Mar 25th 2021
Thursday 25th March 2021
NSW flood effect residents exempt from waste levy.
Areas across New South Wales (NSW) have been declared Natural Disaster Areas due to floodwaters.
The NSW Government has announced the waste levy fee will be waived for residents disposing of flood generated waste.
"First the drought, then the fires, a global pandemic and now floods – our communities have been devastated by unprecedented, consecutive challenges, and we must do everything we can to support our citizens," said Environment Minister Matt Kean.
The exemption applies from 10 March 2021 through to 30 June 2021. Residents in the 34 declared natural disaster areas can dispose of all building materials, furniture, and any other flood generated waste on both private and public land.
Read the full media release on the EPA NSW website
Jumping castle business fined after avoidable fire.
A Gold Coast-based jumping castle rental company was recently found guilty of an offence against section 32 of the Work Health and Safety Act 2011 (the 'Act'). It was alleged the company failed to meet its primary safety duty, exposing workers to a risk of serious injury or death.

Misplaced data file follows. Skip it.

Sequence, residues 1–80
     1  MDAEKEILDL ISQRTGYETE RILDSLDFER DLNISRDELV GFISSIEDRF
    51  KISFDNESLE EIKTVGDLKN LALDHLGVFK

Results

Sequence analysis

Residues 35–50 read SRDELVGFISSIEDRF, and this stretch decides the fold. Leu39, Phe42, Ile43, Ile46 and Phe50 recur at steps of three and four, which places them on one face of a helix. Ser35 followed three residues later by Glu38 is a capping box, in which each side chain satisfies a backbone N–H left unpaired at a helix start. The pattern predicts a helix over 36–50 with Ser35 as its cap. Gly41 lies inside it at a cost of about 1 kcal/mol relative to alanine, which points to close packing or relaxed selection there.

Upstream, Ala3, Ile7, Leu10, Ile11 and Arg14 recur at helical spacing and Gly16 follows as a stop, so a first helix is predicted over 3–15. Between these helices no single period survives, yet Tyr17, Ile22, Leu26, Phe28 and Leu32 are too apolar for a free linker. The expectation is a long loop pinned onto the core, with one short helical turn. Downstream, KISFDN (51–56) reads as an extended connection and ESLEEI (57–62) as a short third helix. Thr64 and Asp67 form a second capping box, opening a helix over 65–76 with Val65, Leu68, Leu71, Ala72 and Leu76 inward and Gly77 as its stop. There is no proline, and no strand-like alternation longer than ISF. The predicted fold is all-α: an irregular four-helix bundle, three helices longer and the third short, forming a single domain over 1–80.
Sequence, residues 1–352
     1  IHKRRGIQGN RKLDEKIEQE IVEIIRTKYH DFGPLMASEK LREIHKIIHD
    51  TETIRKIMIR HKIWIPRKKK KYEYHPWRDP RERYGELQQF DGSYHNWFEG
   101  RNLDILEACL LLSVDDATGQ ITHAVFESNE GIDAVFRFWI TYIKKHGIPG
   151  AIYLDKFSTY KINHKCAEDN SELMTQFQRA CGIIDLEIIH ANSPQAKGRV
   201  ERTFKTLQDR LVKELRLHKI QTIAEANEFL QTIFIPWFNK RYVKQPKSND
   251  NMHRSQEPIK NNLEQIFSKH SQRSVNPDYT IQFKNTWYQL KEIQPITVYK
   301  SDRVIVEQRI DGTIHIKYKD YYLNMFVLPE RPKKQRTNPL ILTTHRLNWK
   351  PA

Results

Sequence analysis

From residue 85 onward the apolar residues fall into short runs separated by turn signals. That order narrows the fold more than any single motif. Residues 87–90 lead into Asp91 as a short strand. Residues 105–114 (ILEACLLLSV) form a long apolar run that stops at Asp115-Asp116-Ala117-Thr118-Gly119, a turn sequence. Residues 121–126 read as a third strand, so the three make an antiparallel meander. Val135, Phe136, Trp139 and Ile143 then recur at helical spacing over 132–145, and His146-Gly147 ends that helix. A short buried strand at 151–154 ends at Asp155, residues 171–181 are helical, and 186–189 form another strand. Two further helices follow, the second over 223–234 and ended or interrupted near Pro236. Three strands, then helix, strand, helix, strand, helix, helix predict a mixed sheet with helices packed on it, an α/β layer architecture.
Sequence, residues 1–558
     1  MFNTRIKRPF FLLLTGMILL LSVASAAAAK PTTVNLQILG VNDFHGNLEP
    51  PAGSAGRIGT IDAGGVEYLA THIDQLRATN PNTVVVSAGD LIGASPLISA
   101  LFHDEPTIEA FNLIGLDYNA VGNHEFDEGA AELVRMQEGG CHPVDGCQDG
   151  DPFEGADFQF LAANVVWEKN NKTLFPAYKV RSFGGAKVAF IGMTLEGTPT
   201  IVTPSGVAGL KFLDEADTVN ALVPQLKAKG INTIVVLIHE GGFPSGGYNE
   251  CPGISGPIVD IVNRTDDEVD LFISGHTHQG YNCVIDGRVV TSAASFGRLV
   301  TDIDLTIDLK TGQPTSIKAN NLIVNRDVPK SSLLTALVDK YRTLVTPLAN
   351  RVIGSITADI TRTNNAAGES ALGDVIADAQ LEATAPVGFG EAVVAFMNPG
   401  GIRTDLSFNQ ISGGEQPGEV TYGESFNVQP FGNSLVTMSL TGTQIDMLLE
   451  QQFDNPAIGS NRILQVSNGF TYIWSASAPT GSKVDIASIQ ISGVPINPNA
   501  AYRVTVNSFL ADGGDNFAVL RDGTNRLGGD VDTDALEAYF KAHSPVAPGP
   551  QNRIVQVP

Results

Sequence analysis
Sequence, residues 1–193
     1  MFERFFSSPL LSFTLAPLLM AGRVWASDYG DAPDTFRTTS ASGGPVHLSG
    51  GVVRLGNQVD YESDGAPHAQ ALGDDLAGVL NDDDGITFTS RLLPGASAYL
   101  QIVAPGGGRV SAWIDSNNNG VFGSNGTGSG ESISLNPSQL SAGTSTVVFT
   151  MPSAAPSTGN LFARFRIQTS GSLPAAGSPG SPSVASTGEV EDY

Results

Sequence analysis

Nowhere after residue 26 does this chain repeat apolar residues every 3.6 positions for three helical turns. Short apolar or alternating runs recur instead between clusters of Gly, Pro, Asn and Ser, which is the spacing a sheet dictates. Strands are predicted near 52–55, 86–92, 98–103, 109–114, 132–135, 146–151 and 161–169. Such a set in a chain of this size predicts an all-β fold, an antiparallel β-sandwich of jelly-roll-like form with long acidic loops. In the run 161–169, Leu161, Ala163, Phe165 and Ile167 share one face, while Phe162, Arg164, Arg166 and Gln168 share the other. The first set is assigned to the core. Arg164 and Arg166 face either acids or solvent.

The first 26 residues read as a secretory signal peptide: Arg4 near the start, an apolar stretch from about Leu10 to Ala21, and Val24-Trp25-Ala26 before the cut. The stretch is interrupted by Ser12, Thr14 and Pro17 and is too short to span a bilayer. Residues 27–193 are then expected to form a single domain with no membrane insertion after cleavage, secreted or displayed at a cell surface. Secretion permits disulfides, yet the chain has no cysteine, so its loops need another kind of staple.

The jumping castle rental business employed casual workers to drop off, set up and collect the amusement devices. Trucks were used to deliver the castles; to inflate them, either a mains power source or a generator was used, depending on the location.
To begin their shifts, the workers would collect a truck along with a 'run sheet' containing details of the day's deliveries or pick-ups. Supervisors pre-packed these trucks; the workers did not check them prior to their shift.
A buddy system, where a less experienced worker would be paired with a more experienced worker for a day or so, was the company's training method. There was no formal safety training in place or specific guidance into the use or transportation of generators.
In February 2018, three casual workers who the company had employed for six months or less were delivering their last jumping castle for the day. Upon arriving at the location, the workers opened the truck's back doors and noticed petrol fumes. On inspection, the generator had overturned due to not being secured, causing a puddle of petrol on the truck's floor.
Two of the workers entered the truck to clean up the spill. While retrieving the generator, the workers noticed a battery hanging off the side by a wire. One worker attempted to put the battery back in place when the wires sparked, and an explosion occurred. Two men suffered significant burn injuries.
The company hadn't fitted the truck with fire safety equipment. After the Queensland Police Service examined the fire scene, expert evidence stated the generator should've been secured while being transported.
The company was fined $50,000 and ordered to pay professional and court costs of over $4,000.
The complete court report can be found on the OWHSP QLD website
Share This Article